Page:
Tortilla Making and History
What exactly are tortillas? How big are they? Of what are they made? How should they be made? These are questions that can spark much discussion and debate, even among tortilla makers themselves. The important thing is that none of this really matters - they are GOOD, as you will be able to assert for yourself when you eat one made fresh by a Tumacácori demonstrator or in your own kitchen.
According to a story told in Mexican-American households, Hernan Cortez, met with an emissary of the great Moctezuma and proceeded to extol the glory of his sovereign, Charles I. "My king is so wealthy that he eats each course of his meal off of a different golden service which only he may use," said Cortez. "My emperor, Moctezuma," replied the Aztec, "uses a different spoon for each bite." Moctezuma's spoons, las cucharitas de Moctezuma, were, of course, corn tortillas.
The Spanish called them “tortillas” because they resembled the flat, round omelets known as tortillas, commonly eaten in Spain.
Culinary and Social Tradition
Since earliest times, thin cakes of corn have been a staple of the Mexican diet. Made of kernels that have been lightly soaked in a lime mixture and then ground on a stone metate to form a dough or masa, fresh tortillas traditionally accompany each meal. In many households they are still patted out by hand, and for countless centuries the soft slap, slap of tortilla making has been a familiar domestic sound wherever Mexicans live. Nowadays, of course, there are tortilla factories all over Mexico and the United States, and many homes have tortilla presses. However, the handmade tortilla is still considered by many to taste better and be more wholesome.
The tortilla is a versatile food. Fresh and hot, it is used as an edible spoon and pusher. Slightly stale, it is dipped in a rich sauce to form a base for enchiladas. Fried, it becomes a taco shell, a platform for a tostada, or a chip with which one can scoop up beans or salsa. The raw masa can be mixed with cheese or chile and cooked to form other dishes. Among these are the locally favored flat enchiladas, which are not enchiladas at all, but fried cakes of a special masa served in a red chile sauce.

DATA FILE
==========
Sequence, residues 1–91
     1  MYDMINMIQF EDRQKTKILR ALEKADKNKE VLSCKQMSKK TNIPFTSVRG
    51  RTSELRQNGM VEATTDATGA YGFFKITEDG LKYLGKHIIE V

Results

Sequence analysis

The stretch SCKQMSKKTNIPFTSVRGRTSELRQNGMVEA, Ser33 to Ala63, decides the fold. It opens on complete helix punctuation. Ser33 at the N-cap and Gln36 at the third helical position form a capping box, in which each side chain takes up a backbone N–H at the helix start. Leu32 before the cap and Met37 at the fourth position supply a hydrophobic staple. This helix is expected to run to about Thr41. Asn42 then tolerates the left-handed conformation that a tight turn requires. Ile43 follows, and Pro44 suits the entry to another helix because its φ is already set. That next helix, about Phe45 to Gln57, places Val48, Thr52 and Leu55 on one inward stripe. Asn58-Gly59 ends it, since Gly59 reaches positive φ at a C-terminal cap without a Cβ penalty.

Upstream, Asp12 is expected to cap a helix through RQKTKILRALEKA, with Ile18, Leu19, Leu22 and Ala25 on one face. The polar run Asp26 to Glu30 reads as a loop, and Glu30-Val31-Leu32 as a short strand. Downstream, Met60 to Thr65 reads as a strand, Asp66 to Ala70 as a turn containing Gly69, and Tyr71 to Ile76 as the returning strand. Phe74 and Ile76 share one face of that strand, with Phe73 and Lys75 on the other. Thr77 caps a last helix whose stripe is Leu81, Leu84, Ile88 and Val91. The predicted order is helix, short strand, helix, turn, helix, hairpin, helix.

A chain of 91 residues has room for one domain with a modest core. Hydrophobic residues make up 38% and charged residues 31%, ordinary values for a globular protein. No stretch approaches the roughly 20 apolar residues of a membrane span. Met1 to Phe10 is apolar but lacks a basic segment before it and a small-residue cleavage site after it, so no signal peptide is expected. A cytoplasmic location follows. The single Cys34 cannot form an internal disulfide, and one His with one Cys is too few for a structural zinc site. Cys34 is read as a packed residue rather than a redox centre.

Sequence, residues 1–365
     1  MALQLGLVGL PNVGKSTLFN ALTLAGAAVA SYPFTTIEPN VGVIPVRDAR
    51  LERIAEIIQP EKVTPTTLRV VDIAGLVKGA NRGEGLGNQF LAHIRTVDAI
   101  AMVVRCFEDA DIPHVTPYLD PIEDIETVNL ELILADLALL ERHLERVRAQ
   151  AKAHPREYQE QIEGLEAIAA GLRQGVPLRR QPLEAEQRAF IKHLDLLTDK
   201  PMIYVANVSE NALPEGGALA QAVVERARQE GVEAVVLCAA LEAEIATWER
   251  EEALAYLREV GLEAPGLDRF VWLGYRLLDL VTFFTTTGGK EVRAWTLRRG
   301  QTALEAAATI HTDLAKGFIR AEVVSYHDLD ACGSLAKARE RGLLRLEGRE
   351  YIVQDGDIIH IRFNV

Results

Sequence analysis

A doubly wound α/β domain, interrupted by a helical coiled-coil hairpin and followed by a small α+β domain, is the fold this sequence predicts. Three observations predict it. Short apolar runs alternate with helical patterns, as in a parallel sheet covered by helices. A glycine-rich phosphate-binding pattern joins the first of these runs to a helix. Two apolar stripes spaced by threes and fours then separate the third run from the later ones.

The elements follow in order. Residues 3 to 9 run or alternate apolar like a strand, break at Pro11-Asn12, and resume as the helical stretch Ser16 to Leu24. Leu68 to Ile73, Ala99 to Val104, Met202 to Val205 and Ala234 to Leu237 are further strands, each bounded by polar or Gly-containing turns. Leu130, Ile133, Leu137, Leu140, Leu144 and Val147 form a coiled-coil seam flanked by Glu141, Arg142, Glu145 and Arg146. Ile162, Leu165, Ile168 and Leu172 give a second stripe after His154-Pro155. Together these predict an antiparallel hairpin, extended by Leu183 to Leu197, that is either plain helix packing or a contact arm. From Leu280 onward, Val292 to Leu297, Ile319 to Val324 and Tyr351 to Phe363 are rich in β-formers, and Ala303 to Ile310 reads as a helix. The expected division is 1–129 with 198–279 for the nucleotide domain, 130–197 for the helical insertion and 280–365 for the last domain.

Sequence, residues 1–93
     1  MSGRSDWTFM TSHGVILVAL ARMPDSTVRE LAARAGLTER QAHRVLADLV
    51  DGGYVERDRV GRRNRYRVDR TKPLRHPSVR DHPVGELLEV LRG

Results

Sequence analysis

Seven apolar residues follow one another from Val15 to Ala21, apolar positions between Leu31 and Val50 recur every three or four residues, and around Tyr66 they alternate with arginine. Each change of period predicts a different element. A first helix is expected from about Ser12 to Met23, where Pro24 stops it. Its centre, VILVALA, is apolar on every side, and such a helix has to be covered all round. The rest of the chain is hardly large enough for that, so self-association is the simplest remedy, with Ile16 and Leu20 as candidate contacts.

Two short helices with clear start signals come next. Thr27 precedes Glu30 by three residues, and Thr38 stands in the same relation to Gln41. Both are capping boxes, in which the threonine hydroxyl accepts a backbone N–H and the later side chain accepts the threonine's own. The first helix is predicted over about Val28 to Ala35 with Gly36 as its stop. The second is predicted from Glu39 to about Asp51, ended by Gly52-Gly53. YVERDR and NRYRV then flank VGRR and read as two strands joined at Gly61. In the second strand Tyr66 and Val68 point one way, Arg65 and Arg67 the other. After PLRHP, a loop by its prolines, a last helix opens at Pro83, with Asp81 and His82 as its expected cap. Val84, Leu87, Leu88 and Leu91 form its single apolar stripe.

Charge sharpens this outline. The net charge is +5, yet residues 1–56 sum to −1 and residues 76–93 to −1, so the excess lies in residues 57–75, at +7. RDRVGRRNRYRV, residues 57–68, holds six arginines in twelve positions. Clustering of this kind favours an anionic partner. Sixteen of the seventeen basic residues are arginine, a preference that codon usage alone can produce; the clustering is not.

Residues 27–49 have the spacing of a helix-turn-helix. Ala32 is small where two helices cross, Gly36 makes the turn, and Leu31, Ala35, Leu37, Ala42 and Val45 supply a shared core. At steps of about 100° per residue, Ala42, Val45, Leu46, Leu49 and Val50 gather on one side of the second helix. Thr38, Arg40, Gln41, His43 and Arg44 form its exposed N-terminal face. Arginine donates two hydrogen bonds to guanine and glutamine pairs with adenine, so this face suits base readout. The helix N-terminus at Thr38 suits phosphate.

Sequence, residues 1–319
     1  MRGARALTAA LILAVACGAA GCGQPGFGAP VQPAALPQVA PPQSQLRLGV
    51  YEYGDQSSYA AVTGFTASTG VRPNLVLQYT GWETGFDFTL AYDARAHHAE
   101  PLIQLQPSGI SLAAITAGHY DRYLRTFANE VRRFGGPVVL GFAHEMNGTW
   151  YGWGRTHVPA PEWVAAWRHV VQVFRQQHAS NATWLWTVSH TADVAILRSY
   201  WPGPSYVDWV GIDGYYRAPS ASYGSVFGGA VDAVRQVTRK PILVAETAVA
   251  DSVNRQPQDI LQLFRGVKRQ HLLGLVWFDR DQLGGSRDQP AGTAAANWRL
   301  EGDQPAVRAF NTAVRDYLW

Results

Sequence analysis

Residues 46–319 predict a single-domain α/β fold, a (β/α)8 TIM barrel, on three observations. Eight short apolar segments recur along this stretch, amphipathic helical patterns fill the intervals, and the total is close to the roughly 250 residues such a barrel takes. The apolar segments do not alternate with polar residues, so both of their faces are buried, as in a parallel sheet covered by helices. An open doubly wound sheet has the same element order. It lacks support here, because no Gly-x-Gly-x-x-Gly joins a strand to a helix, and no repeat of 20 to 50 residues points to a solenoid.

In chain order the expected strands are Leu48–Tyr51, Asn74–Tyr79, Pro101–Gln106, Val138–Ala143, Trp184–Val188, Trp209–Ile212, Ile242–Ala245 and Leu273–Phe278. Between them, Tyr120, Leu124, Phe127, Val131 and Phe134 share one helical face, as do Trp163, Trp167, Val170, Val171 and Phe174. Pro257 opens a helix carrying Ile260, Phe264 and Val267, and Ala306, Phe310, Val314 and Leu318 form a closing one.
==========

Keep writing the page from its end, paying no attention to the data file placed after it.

2 1/2 cups corn flour
2 cups warm water
Step 1: Mix
Using your hands, mix ingredients until a smooth dough forms. If the dough is crumbly, add a small amount of water. If the dough is wet and sticky, add a little more corn flour.
Step 2: Knead
Form the dough into a large ball. Leave the ball of dough in a bowl and cover with plastic. Let the dough sit for about an hour.
Step 3: Preheat and Form Balls
After the dough has sat for about an hour, place a flat cast iron skillet on the stove on medium heat. While the skillet preheats you can begin to separate small balls of dough. Divide all of the dough into approximately 24 small equal sized balls.
Step 4: Shape
Option A (the pressing method): Place a small ball of dough between a folded piece of plastic wrap. Use your palm to flatten the dough on a countertop. Remove the plastic from the top of the flattened tortilla, lift the plastic with the pressed tortilla, place the exposed side of the tortilla in your hand and carefuly peel away the plastic from other side of the tortilla. Be careful not to tear the dough.
Option B (the patting method): Flatten the ball into a small disc. Pat it back and forth between your hands.
Step 5: Cook
Place the tortilla on the preheated skillet and cook for 45 seconds. Turn over and continue to cook for about 1 minute. Browned spots on the tortilla may appear and the tortilla may puff up during the cooking process. Turn over again and cook for another 15 seconds. Total cooking time for each tortilla is about 2 minutes. Place the cooked corn tortillas in a clean towel to keep warm, until serving.
Step 6: Serve
These types of tortillas are called gorditas chicas, or "little fat ones." They aren't really suitable for enchiladas, but are delicious when split, lightly fried, and served with various meat fillings.